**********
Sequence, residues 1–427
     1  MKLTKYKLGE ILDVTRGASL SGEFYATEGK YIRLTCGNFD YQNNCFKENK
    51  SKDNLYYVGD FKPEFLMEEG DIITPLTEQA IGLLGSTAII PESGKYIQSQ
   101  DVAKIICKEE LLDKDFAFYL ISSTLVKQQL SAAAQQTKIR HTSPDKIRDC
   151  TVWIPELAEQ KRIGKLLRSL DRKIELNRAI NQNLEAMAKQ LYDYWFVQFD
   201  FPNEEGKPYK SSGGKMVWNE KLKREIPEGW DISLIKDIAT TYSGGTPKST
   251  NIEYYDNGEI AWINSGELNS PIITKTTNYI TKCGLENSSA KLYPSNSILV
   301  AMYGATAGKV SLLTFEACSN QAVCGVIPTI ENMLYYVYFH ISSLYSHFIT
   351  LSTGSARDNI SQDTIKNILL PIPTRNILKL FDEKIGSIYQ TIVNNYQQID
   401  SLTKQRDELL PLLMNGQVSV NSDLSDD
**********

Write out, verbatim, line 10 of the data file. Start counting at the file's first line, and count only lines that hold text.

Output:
   401  SLTKQRDELL PLLMNGQVSV NSDLSDD